How to Create a Telegram Reminder Bot Using Node-RED

You probably wondered if it would be cool to set up reminders in the messenger about the need to drink water or feed your pet. In this article, we will look at how to easily and quickly create a Telegram chatbot in Node-RED, create reminder texts, and test it.


What is Node-RED and how does it work?


Node-RED is a browser-based data stream editor that allows you to easily combine data streams using various nodes that are collected in a palette (node-red palette).

Node – data node; the nodes of a decentralized network communicate via P2P protocols to exchange information about blocks and transactions. The node is the main building block of the flow.

Nodes are started by either receiving a message from a previous node in the thread or waiting for some external event, such as an incoming HTTP request or timer. They process this message or event and then can send the message to the next nodes in the stream.

The Node-RED palette includes a set of default nodes, which are the basic building blocks for creating threads.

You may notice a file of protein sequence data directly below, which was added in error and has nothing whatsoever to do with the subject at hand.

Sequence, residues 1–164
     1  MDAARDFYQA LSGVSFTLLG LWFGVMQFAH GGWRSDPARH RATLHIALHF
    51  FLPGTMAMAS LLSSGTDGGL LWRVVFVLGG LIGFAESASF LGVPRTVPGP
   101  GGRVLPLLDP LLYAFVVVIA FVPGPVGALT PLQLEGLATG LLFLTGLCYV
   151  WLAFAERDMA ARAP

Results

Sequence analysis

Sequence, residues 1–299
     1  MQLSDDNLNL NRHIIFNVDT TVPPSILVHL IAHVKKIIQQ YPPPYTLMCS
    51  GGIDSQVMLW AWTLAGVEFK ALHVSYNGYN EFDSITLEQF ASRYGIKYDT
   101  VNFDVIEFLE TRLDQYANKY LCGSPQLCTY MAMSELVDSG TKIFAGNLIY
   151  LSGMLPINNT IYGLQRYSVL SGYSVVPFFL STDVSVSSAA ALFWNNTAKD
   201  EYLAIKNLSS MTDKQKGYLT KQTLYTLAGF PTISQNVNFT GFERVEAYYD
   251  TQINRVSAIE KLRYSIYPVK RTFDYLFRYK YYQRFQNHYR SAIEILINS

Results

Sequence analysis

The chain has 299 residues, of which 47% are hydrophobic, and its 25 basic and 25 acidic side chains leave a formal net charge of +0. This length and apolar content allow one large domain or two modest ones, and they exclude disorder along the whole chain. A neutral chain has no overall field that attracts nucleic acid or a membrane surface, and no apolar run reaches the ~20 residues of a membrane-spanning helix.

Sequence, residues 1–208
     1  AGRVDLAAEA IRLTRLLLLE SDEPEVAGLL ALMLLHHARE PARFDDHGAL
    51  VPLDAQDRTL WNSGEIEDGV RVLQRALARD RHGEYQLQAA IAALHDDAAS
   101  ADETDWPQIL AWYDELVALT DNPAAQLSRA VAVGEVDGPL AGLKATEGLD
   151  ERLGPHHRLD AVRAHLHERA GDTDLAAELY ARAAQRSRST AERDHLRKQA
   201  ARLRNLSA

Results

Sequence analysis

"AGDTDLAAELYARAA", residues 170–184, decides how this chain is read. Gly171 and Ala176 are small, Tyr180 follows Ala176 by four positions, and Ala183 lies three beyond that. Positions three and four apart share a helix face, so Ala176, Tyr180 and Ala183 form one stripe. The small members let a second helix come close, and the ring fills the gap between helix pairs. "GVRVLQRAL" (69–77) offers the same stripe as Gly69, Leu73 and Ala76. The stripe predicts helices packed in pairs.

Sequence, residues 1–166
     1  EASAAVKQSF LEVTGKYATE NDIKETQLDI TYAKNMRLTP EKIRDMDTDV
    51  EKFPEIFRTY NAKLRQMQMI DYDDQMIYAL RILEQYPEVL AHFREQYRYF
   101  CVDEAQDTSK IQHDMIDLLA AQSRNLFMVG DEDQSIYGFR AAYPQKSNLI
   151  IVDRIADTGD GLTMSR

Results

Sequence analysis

Nodes can be added to the work area by dragging and dropping them from the palette using the quick add dialog or importing from the library or clipboard.

The nodes are connected by lines-wires through their ports. A node can have at most one input port and many output ports. If a node has unused changes, a blue circle appears above it. If there are errors in its configuration, it displays a red triangle.

The essence of the Node-RED editor is that instead of writing programs and commands based on the code, to build the logic for sending messages by the bot, the user just needs to drag and drop objects (nodes) in the visual editor. Since Node-RED provides objects with typical functions, it is easy and affordable for everyone to create projects using them. More complex JavaScript functions can be recreated using a text editor.